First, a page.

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Journal of Neuroengineering and Rehabilitation

Bernhard Elsner, Joachim Kugler, Jan Mehrholz
Transcranial Direct Current Stimulation (tDCS) is a potentially useful tool to improve upper limb rehabilitation outcomes after stroke, although its effects in this regard have shown to be limited so far. Additional increases in effectiveness of tDCS in upper limb rehabilitation after stroke may for example be achieved by (1) applying a more focal stimulation approach like high definition tDCS (HD-tDCS), (2) involving functional imaging techniques during stimulation to identify target areas more exactly, (3) applying tDCS during Electroencephalography (EEG) (EEG-tDCS), (4) focusing on an effective upper limb rehabilitation strategy as an effective base treatment after stroke...
November 15, 2018: Journal of Neuroengineering and Rehabilitation
Matthew Ahmadi, Margaret O'Neil, Maria Fragala-Pinkham, Nancy Lennon, Stewart Trost
BACKGROUND: Cerebral palsy (CP) is the most common physical disability among children (2.5 to 3.6 cases per 1000 live births). Inadequate physical activity (PA) is a major problem effecting the health and well-being of children with CP. Practical, yet accurate measures of PA are needed to evaluate the effectiveness of surgical and therapy-based interventions to increase PA. Accelerometer-based motion sensors have become the standard for objectively measuring PA in children and adolescents; however, current methods for estimating physical activity intensity in children with CP are associated with significant error and may dramatically underestimate HPA in children with more severe mobility limitations...
November 15, 2018: Journal of Neuroengineering and Rehabilitation
K K A Bakhti, I Laffont, M Muthalib, J Froger, D Mottet
BACKGROUND: After a stroke, during seated reaching with their paretic upper limb, many patients spontaneously replace the use of their arm by trunk compensation movements, even though they are able to use their arm when forced to do so. We previously quantified this proximal arm non-use (PANU) with a motion capture system (Zebris, CMS20s). The aim of this study was to validate a low-cost Microsoft Kinect-based system against the CMS20s reference system to diagnose PANU. METHODS: In 19 hemiparetic stroke individuals, the PANU score, reach length, trunk length, and proximal arm use (PAU) were measured during seated reaching simultaneously by the Kinect (v2) and the CMS20s over two testing sessions separated by two hours...
November 14, 2018: Journal of Neuroengineering and Rehabilitation
Diego Serrano-Muñoz, Juan Avendaño-Coy, Cristina Simón-Martínez, Julian Taylor, Julio Gómez-Soriano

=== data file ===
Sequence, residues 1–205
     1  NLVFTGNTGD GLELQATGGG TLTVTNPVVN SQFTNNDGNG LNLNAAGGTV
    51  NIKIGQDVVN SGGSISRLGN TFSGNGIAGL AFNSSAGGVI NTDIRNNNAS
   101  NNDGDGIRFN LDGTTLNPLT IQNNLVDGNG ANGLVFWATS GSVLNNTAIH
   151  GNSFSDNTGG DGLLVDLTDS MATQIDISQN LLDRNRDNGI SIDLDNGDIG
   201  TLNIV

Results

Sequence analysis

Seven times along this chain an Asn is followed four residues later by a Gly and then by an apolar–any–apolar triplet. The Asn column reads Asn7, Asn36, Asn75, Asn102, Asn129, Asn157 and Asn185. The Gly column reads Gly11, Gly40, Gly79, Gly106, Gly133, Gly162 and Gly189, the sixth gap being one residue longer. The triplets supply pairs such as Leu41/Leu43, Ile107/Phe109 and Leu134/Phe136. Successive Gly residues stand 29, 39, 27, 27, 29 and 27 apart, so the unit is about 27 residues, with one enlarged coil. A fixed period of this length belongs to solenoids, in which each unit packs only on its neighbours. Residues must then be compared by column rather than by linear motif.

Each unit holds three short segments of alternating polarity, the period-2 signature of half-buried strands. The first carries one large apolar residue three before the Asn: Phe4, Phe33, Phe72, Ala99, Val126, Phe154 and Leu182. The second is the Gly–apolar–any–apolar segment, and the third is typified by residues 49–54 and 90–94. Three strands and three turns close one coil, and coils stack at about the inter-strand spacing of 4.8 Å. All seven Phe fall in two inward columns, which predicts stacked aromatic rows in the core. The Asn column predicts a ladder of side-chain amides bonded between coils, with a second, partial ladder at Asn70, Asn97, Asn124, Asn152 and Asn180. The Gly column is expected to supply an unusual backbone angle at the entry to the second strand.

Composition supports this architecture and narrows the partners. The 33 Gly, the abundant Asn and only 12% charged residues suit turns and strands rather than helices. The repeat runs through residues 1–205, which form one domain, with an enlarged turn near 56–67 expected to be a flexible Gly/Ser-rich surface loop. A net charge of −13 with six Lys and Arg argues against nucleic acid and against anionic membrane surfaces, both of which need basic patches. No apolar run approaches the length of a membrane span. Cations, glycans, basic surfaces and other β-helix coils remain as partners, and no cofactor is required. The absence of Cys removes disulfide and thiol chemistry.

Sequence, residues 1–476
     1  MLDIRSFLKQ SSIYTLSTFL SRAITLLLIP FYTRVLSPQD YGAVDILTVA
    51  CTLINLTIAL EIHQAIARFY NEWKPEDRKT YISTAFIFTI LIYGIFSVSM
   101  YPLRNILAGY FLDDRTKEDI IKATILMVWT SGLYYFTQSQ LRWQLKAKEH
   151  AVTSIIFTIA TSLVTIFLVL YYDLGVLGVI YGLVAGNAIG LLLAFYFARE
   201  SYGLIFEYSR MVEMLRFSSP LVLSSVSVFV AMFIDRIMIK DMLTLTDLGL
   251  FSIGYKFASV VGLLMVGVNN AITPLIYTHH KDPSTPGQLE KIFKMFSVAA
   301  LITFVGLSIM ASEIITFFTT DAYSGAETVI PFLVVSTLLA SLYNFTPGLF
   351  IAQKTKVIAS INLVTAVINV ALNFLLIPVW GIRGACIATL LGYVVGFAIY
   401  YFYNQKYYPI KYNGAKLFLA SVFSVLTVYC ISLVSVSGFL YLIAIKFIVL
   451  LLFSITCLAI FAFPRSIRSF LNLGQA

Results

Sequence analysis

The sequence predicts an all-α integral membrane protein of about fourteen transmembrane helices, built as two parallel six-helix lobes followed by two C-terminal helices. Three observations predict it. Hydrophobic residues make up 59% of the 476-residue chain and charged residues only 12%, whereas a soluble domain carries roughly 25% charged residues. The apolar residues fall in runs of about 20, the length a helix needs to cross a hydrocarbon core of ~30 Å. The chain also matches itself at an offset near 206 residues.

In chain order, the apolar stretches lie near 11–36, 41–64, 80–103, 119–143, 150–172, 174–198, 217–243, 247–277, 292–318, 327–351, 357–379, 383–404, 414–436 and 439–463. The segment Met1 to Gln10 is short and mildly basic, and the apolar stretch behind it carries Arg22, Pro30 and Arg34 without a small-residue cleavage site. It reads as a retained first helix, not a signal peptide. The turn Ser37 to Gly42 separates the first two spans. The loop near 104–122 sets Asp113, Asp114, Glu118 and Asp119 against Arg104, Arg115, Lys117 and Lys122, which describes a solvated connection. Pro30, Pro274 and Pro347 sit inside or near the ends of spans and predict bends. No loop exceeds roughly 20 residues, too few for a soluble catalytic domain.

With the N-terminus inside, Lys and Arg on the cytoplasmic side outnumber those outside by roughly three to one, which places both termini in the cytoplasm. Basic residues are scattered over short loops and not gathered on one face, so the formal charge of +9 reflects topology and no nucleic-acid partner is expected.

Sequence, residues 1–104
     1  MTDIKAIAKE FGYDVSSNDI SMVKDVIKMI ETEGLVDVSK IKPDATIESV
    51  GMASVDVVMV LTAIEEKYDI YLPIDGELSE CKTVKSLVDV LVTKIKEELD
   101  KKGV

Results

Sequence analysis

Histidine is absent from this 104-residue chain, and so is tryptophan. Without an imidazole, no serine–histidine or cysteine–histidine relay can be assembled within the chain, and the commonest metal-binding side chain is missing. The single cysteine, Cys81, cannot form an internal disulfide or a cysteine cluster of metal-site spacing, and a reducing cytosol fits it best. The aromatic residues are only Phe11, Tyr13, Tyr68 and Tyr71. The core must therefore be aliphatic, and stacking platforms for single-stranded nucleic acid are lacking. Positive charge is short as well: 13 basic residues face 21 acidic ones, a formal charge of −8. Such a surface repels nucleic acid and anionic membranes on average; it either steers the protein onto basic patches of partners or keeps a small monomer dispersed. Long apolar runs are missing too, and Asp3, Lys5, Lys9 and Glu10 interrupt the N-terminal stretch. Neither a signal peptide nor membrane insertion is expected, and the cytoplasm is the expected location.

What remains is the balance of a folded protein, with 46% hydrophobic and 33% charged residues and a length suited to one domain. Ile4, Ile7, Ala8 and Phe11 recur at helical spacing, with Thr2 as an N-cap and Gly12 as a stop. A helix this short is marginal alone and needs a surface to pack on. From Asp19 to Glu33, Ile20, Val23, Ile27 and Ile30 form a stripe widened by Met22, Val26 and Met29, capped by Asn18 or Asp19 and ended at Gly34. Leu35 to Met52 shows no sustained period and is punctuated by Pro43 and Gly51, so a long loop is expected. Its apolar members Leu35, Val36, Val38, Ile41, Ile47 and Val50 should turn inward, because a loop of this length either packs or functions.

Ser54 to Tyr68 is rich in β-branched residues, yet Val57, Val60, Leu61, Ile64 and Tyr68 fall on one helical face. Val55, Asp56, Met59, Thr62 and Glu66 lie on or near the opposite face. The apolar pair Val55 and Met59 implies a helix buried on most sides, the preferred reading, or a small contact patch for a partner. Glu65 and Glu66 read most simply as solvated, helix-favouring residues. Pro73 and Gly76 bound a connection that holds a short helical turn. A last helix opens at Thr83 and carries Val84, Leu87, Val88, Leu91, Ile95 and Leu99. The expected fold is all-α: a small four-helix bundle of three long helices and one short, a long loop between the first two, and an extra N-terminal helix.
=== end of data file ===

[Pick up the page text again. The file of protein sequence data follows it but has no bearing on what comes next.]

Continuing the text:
BACKGROUND: High-frequency alternating currents of greater than 1 kHz applied on peripheral nerves has been used in animal studies to produce a motor nerve block. It has been evidenced that frequencies higher than 5 kHz are necessary to produce a complete peripheral nerve block in primates, whose nerve thickness is more similar to humans. The aim of the study was to determine the effect on muscle strength after the application of a high-frequency stimulation at 5 and 10 kHz compared to sham stimulation in healthy volunteers...
November 12, 2018: Journal of Neuroengineering and Rehabilitation
Christopher Schmidt Easthope, Luca Renato Traini, Lea Awai, Martina Franz, Georg Rauter, Armin Curt, Marc Bolliger
BACKGROUND: Body weight support (BWS) is often provided to incomplete spinal cord injury (iSCI) patients during rehabilitation to enable gait training before full weight-bearing is recovered. Emerging robotic devices enable BWS during overground walking, increasing task-specificity of the locomotor training. However, in contrast to a treadmill setting, there is little information on how unloading is integrated into overground locomotion. We investigated the effect of a transparent multi-directional BWS system on overground walking patterns at different levels of unloading in individuals with chronic iSCI (CiSCI) compared to controls...
November 12, 2018: Journal of Neuroengineering and Rehabilitation
Christian Werner, Rebekka Rosner, Stefanie Wiloth, Nele Christin Lemke, Jürgen M Bauer, Klaus Hauer
BACKGROUND: Some studies have already suggested that exergame interventions can be effective to improve physical, cognitive, motor-cognitive, and psychological outcomes in patients with dementia (PwD). However, little is known about the training volume required to induce such positive effects and the inter-individual differences in training response among PwD. The aim of the study was to analyze the time course of changes in motor-cognitive exergame performances during a task-specific training program and to identify predictors of early training response in PwD...
November 8, 2018: Journal of Neuroengineering and Rehabilitation
Max K Shepherd, Alejandro F Azocar, Matthew J Major, Elliott J Rouse